A new medication that those of us who have type 2 diabetes take only once a week can bring our A1C levels way down. It can also help us to lose weight, something that almost everyone who has type 2 diabetes needs to do.
But predicting who will lose weight isn’t easy. Only one thing stood out in the clinical trials.
The new medication is Bydureon, which we have been able to get in our pharmacies for only the past four months. But Amylin Pharmaceuticals, which developed Bydureon, presented a study at the American Diabetes Association’s annual convention earlier this month that shows both glycemic and weight loss control data for people taking Bydureon for the past four years. Those were the people taking the drug in the clinical trials leading up to the U.S. Food and Drug Administration’s approval at the beginning of this year, as I wrote here in "Bydureon Approved Today."
Bydureon is the latest in a new class of drugs called GLP-1 receptor agonists. Its generic name is exenatide, and it has the same active ingredient as Byetta, which we have been able to get since June 2005 and requires twice-daily shots.
I used Byetta from February 2006 to December 2007, reducing my A1C level from 6.2 to 5.3 and my weight from 312 pounds to 168. That kick-started my diabetes control, making me so happy that I bought 100 shares of Amylin stock. I also wrote a book about Byetta called Losing Weight with Your Diabetes Medication: How Byetta and Other Drugs Can Help You Lose More Weight than You Ever Thought Possible.
The study that Amylin researchers presented at the American Diabetes Association convention, "Exenatide Once Weekly Resulted in Sustained Improvement in Glycemic Control With Weight Loss through 4 Years," showed that the 176 people who used Bydureon for four years typically had a clinically significant improvement in their A1C of 1.7 percentage points. That means, for example, going from an A1C level of 7.7 to 6.0.
They also lost an average of 5.5 pounds, the study says. While only drugs of this class lead to even that much weight loss, 5.5 pounds isn’t an impressive figure. It’s also close to the average weight loss that people taking Byetta had in its clinical trials.
So how is it that people can lose a lot more weight than that on Byetta or Bydureon? To get the answer to that question I interviewed David Maggs, M.D., Amylin’s Vice President of Medical Development.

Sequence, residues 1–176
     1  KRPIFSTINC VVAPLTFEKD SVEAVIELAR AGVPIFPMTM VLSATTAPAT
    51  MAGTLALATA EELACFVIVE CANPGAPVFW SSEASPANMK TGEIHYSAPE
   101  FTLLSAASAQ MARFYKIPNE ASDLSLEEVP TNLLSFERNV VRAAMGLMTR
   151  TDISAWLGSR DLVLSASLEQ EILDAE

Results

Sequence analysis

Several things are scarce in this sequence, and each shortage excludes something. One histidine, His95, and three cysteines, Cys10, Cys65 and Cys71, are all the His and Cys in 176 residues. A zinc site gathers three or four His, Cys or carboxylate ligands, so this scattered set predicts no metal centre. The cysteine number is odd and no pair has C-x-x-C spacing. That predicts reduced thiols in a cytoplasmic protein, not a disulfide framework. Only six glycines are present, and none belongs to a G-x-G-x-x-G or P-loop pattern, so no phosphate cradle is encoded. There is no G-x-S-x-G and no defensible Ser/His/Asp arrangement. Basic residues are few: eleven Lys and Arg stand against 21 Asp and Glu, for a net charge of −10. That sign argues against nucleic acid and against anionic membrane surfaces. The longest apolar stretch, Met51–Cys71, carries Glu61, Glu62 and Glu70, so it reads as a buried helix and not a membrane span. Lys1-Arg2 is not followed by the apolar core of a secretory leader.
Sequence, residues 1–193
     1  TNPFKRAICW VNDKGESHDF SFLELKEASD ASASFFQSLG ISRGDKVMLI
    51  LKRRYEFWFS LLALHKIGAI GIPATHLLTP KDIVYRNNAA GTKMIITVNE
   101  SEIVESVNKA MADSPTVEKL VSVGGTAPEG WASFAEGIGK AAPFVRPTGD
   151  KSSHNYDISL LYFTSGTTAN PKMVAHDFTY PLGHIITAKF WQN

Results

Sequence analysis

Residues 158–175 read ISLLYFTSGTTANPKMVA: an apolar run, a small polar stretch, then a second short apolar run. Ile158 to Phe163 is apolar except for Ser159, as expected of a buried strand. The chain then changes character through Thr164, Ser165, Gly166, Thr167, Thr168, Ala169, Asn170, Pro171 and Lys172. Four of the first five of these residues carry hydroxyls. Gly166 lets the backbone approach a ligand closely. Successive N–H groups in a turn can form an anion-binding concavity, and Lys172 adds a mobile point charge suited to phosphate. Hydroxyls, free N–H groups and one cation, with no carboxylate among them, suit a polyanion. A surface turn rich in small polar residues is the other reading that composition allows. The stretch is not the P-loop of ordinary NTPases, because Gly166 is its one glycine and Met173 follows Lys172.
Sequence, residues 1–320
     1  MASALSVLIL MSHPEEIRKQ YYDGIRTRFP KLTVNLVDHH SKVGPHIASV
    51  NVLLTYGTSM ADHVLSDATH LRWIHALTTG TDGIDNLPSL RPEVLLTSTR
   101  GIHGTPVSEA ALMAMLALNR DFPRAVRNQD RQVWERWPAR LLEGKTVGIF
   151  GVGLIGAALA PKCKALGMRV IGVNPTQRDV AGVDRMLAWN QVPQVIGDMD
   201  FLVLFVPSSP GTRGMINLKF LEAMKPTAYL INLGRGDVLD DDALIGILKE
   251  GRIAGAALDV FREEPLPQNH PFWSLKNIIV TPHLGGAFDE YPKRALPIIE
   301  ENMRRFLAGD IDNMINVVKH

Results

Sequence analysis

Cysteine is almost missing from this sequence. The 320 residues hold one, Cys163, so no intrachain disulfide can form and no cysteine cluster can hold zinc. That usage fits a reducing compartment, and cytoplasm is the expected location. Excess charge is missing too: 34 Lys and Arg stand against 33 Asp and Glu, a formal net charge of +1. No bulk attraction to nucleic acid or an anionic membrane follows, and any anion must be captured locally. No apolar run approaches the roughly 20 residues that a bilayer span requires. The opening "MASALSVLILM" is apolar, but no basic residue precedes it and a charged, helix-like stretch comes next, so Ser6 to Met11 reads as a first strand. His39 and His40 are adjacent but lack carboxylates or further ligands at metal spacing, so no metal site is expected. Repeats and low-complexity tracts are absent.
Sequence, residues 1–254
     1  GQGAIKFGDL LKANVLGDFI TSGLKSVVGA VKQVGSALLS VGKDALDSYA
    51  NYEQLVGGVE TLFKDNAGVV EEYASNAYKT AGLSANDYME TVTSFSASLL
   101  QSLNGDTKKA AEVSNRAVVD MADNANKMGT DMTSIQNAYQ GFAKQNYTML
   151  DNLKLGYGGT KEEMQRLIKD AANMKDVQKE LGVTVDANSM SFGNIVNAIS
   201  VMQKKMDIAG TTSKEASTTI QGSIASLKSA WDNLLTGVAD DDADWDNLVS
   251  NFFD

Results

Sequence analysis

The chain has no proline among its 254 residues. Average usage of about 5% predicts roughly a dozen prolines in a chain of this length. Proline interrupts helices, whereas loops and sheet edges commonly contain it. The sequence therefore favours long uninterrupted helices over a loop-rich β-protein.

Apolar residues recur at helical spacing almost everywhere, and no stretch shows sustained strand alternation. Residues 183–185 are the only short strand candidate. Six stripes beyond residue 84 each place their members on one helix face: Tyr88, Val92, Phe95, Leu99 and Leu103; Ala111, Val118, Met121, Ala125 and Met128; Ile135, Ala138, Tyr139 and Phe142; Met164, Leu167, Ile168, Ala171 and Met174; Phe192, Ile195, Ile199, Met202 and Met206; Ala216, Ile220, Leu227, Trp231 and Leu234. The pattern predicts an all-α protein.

One-fourth of the people in the clinicial trials lost "a very significant amount of weight," he told me. One-half of them lost a significant amount. And one-fourth didn’t lose any weight at all.
I asked Dr. Maggs if they were able to figure out what was different about the people who lost weight and those who didn’t.
The only factor that stood out, he replied, was that people who were already taking metformin did better at losing weight than those who were taking any other drug.
I wondered if the metformin advantage was because people who were taking metformin were different or because metformin itself is different. Then, I remembered that metformin is indeed different.
I asked Dr. Maggs if the difference was that metformin is weight neutral. Yes, he replied. Unlike other drugs – like insulin, the sulfonylureas, Avandia, and Actos – metformin is generally weight neutral. And some studies, Dr. Maggs said, showed that it causes a few pounds of weight loss, while the other drugs "encourage weight gain."
This still doesn’t explain why people in the clinical trials lost only a few pounds. The answer is, Dr. Maggs told me, that they had to tell people in the clinical trials not to change anything else that there were doing, something that is the standard operating procedure for clinical trials. Otherwise, we wouldn’t know whether it was the drug or something else that was helping.
But once the FDA approves a drug, we can and do make changes. When our doctors encourage us to make lifestyle changes – and they can be as simple as eating less – that is a good way to predict that we will lose a lot more. That was certainly my experience.
So the weight loss effects of Bydureon are hard to predict. But "the glucose effects are much more predictable," Dr. Maggs told me.
Those glucose effects – helping us to bring our A1C levels way down – were why the FDA approved Bydureon. Amylin doesn’t offer Bydureon as a weight-loss drug. The weight loss effects are a nice bonus – for some lucky people.
David Mendosa was a journalist who learned in 1994 that he had type 2 diabetes, which he wrote about exclusively. He died in May 2017 after a short illness unrelated to diabetes. He wrote thousands of diabetes articles, two books about it, created one of the first diabetes websites, and published a monthly newsletter, “Diabetes Update.” His very low-carbohydrate diet, A1C level of 5.3, and BMI of 19.8 kept his diabetes in remission without any drugs until his death.